The Trump administration is a big question mark

Where to begin?

I was blindsided as much as at least half the country Tuesday night. It is going to take an extended period of time to see what this election means. Elections have consequences.

I think the campaign, as a previous post noted, was rigged by some Republican-controlled state governments that worked to restrict voting opportunities. But the polls were open everywhere on Tuesday, with people free to come and vote. Fewer did so than four years ago. More people voted for Hillary Clinton than Donald Trump. Imagine what would be going on today if Trump had more votes and Clinton won the Electoral College. Continue reading

Hillary and Steve — emails and judgment

My friend and mentor, Joe Crangle, taught me many things. Some were very specific to the campaign at hand, but other pieces of wisdom were basic life-guiding principles.

There was one lesson that I learned more than 40 years ago that has stayed with me all this time. It is very simple: “never write or say anything that you won’t mind seeing on the front page of tomorrow morning’s newspaper.” Continue reading

Hillary Clinton’s problems; the national Democratic Party’s problems; plus, how right-wing is the 2016 Republican Party?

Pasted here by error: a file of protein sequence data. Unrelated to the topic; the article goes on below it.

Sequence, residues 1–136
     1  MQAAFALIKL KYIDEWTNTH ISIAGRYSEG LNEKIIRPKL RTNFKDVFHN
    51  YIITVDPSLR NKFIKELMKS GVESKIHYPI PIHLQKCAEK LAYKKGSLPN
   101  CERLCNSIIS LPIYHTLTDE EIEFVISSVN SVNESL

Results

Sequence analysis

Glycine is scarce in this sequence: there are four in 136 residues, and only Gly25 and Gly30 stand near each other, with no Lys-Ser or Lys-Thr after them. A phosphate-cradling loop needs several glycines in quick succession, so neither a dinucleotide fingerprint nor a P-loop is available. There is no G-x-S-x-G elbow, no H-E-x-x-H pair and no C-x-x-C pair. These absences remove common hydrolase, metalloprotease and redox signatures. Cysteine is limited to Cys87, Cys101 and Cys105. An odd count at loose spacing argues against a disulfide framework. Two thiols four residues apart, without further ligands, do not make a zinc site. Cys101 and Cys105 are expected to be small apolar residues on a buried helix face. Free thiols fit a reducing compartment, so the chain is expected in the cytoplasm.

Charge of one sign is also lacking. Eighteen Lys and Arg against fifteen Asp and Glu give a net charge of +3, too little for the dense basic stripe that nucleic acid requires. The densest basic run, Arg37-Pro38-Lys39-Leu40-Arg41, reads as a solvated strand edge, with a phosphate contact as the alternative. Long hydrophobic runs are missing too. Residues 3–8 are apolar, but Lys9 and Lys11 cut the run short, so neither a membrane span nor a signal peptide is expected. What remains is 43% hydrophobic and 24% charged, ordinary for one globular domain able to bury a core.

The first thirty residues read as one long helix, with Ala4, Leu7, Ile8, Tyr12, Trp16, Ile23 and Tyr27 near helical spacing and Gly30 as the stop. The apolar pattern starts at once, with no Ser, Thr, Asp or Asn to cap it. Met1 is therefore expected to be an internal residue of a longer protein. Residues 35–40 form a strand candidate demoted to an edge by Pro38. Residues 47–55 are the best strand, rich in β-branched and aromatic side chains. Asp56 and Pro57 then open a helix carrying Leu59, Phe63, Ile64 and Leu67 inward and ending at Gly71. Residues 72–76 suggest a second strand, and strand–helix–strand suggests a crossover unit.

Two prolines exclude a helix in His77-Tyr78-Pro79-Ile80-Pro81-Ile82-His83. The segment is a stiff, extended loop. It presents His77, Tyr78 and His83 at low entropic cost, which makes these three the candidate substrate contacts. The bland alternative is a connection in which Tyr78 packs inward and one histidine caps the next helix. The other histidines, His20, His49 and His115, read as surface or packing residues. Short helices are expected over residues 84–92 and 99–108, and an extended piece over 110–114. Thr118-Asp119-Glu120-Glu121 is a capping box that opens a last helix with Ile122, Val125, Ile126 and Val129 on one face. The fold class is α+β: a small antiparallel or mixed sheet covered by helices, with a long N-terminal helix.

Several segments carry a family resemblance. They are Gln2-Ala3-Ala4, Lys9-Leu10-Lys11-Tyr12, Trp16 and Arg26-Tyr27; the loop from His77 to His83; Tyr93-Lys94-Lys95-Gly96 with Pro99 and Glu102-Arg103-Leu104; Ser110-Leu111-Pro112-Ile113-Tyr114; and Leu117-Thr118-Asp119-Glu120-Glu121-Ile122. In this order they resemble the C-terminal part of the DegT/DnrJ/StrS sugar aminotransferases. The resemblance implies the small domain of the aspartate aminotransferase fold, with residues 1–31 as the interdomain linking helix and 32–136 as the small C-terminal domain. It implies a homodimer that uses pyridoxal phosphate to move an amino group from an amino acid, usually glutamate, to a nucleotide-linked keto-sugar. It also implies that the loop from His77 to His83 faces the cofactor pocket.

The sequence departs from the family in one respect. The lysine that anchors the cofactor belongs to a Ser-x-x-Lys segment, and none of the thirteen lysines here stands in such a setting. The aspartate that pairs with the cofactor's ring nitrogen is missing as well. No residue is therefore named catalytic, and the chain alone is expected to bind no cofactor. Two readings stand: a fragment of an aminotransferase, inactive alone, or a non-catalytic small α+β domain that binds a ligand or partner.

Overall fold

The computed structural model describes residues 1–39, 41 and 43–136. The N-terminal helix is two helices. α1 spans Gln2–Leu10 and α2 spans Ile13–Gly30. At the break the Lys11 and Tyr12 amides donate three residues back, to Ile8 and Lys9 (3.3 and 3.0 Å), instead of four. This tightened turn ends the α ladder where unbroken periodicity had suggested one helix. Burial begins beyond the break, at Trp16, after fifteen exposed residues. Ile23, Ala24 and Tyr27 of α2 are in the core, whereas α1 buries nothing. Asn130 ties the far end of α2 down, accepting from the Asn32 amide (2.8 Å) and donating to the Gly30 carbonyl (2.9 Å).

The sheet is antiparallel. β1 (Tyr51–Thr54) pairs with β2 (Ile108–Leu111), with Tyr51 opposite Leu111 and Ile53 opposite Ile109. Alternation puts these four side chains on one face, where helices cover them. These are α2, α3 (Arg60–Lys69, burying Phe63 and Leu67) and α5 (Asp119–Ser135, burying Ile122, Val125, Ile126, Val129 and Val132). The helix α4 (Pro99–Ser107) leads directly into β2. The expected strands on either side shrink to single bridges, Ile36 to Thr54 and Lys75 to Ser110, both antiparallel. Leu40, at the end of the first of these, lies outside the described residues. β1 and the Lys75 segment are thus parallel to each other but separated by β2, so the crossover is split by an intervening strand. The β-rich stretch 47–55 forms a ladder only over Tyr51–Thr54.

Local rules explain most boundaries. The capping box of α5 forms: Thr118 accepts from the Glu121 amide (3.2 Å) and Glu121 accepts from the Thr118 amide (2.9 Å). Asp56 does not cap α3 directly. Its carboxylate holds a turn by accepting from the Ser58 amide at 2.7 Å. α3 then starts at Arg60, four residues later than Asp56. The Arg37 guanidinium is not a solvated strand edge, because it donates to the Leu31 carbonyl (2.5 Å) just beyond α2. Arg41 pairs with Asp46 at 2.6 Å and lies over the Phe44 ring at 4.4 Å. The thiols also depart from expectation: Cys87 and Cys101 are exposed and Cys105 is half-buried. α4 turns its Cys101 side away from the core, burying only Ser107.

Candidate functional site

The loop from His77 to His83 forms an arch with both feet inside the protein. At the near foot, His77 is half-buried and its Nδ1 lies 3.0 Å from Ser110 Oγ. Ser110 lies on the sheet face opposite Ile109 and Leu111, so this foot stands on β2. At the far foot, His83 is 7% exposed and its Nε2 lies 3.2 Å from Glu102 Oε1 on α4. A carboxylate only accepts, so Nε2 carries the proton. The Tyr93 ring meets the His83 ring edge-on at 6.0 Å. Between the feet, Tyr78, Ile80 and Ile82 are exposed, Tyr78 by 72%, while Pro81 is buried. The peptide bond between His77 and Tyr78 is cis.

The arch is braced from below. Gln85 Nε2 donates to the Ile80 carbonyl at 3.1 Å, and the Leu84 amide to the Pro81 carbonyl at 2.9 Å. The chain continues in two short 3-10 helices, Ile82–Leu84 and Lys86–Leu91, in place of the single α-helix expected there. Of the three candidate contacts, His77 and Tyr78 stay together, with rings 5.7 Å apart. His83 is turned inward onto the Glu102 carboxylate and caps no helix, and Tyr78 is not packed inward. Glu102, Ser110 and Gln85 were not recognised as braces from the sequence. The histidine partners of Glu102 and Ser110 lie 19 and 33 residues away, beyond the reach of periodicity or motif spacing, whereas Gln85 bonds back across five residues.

Things are moving along in the 2016 presidential sweepstakes. Candidates are all visiting the full-sized buttered cow at the Iowa State Fair.  Millions of dollars are being raised and spent.  The talking heads on TV are going into overdrive.

The focus so far has been on the Republican field of candidates. More on that later in this post.  This article is mostly about the Democratic field, such as it is.  And also, what that field says about the state of the national Democratic Party going into 2016. Continue reading

Hillary Clinton’s litmus test for potential Supreme Court nominees

As you may have noticed, there will be an election for President of the United States in 2016. What you may not be paying as much attention to, however, is that the next president may get to appoint a justice of the United States Supreme Court.

Supreme Court justices serve lifetime terms. Occasionally a justice will resign or retire, but often only death creates a vacancy on the Court. Continue reading